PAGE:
I agree. It would be nice to at least know the words for and and or. Also a few basic adjectives such as very, many, good, bad, big, small and happy might be helpful. (WT-en) Trezatium 16:59, 8 Nov 2005 (EST)
Okay then! We just need to discuss, where to put it. I suggest after the Basics section. -- (WT-en) Tomkat 11:37, 12 Oct 2005 (CET)
Seems like the best place to me, though an alternative would be at the end, just before Learning more. I reckon the list should be kept to at most ten words, including and and perhaps or. The idea would be to provide someone with just enough basic adjectives to enable them to improvise when they don't know the exact phrase. For example, if offered some strange food they'd be able to communicate "just a little, please", and would then be able to tell their host that the food is "very good, thank you". So the adjectives should be applicable to a wide range of situations. Each phrasebook should also say whether adjectives are usually put before or after the subject.
But I don't know what the new section would be called. One option would be to call it Adjectives, and then add any conjunctions to some other section. - (WT-en) Trezatium 17:31, 13 Nov 2005 (EST)

making friends... and further[edit]

couldn't we include a section about socializing/flirting/f***ing (since for many people, the latters are part of the travel experience)? how to say "I'd love to see you again", "I love you", "do you have condoms?" ... 14:55, 11 Aug 2005 (EDT)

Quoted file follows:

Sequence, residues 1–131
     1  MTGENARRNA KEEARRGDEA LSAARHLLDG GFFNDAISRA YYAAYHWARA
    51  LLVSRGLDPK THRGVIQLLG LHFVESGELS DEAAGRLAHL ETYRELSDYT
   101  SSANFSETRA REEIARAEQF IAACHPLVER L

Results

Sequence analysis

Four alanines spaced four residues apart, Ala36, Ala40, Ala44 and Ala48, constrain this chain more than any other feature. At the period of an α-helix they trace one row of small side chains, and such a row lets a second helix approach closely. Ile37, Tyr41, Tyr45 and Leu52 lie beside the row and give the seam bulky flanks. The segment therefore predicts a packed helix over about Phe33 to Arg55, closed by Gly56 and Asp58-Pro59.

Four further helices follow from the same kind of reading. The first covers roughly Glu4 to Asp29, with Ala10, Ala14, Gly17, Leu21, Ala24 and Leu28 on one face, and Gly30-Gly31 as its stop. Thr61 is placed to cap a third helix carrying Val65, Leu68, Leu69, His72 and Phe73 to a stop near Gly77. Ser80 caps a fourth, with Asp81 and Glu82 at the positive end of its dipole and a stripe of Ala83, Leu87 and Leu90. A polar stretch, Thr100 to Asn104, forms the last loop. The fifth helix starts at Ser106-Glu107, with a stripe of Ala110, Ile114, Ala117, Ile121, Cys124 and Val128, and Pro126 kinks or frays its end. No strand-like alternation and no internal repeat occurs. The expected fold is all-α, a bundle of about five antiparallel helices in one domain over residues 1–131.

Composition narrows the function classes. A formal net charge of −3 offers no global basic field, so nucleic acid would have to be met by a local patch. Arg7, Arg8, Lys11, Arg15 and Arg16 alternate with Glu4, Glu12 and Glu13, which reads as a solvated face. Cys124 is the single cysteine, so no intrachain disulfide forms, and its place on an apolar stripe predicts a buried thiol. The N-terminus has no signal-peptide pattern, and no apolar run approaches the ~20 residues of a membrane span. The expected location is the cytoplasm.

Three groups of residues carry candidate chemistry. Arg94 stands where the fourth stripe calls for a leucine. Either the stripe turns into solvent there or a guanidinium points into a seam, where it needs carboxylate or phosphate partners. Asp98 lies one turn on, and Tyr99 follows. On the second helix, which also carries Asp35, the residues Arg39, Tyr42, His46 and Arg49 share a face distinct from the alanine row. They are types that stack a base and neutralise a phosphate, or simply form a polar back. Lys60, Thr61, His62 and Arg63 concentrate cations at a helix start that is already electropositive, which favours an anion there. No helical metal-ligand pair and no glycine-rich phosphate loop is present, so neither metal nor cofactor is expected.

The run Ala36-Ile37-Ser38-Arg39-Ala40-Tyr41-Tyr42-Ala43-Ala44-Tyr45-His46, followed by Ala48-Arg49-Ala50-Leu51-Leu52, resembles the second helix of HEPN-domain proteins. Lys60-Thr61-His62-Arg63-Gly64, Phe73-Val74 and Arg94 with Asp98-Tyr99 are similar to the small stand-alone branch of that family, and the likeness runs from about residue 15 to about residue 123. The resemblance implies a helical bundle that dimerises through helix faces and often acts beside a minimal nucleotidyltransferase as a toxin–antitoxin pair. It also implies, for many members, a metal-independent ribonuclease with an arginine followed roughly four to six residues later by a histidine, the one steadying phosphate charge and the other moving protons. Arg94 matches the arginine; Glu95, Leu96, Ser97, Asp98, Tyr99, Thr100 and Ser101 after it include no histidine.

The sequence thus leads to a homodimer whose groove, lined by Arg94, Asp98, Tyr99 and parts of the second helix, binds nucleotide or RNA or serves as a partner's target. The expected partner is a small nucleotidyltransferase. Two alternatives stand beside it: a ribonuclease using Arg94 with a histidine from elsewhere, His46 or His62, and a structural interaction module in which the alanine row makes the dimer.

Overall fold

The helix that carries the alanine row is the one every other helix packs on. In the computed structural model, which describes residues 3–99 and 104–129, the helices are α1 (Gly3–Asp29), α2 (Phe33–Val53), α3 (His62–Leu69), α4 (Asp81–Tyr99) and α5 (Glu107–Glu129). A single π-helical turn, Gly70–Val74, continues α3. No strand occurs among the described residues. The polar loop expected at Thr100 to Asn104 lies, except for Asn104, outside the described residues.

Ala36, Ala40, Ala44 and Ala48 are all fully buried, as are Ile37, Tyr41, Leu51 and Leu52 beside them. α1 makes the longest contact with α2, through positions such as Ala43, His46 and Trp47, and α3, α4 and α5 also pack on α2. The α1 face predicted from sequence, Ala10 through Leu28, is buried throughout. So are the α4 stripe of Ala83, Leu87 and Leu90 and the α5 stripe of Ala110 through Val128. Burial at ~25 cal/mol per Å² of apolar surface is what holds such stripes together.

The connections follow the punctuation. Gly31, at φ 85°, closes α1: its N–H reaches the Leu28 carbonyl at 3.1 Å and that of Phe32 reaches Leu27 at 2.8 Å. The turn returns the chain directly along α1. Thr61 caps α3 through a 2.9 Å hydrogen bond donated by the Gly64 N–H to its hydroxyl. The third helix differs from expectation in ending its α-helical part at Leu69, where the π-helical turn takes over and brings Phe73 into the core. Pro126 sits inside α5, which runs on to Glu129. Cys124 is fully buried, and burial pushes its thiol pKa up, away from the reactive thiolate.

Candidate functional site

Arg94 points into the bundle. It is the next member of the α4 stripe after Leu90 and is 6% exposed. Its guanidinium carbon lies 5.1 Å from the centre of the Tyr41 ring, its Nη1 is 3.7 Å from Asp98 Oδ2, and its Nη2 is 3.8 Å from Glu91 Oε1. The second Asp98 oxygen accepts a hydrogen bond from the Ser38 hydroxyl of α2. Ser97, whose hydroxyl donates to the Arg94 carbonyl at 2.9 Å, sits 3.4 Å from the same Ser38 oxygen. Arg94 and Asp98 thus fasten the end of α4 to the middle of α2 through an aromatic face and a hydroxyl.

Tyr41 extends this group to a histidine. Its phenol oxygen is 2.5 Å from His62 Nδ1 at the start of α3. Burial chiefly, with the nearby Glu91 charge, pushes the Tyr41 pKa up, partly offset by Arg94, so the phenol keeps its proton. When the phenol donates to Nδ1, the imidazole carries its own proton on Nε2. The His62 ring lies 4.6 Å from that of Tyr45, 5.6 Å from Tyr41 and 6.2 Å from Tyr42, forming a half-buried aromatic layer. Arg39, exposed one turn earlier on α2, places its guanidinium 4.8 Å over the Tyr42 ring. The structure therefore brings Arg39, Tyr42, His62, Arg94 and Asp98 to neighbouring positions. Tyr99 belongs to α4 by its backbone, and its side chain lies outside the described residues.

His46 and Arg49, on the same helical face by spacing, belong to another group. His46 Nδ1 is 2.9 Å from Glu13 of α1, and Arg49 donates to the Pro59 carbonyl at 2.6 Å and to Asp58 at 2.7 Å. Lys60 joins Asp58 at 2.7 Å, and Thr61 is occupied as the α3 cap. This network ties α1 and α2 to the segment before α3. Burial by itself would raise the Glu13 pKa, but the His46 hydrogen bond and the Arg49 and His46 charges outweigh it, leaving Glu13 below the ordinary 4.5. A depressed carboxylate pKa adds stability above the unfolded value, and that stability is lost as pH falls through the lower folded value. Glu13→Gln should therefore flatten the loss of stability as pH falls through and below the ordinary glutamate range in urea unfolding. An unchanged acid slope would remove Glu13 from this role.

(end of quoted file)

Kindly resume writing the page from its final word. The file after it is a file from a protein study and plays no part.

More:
As I understand it, a diphthong is a combination of two vowel sounds. So why are combinations of consonants included under that heading? - (WT-en) Trezatium 17:03, 8 Nov 2005 (EST)

I've changed it to Common digraphs, which seems to make more sense. - (WT-en) Trezatium 15:00, 18 Nov 2005 (EST)

Understanding others[edit]

The way I see it at the moment, the standard phrasebooks are great for working out how to say many common phrases in the local language. However, they seem at the moment to be of no use once the other person answers back. Should we also add commons expressions you are likely to hear in the other language? For example, the German phrasebook has the expression for it tasted great, but doesn't have the common question "Hat es gescheckt?" that waitstaff ask as they take your plates away, leaving you to sit there like a stunned mullet because you didn't understand the question, even if you knew the answer perfectly. -- (WT-en) Brendio 16:59, 25 Jan 2006 (EST)

Go ahead! These seem like a good candidate for infoboxing, so they're a little separate from the body of the phrasebook. (WT-en) Jpatokal 23:08, 25 Jan 2006 (EST)

Stopping of phoneticisations[edit]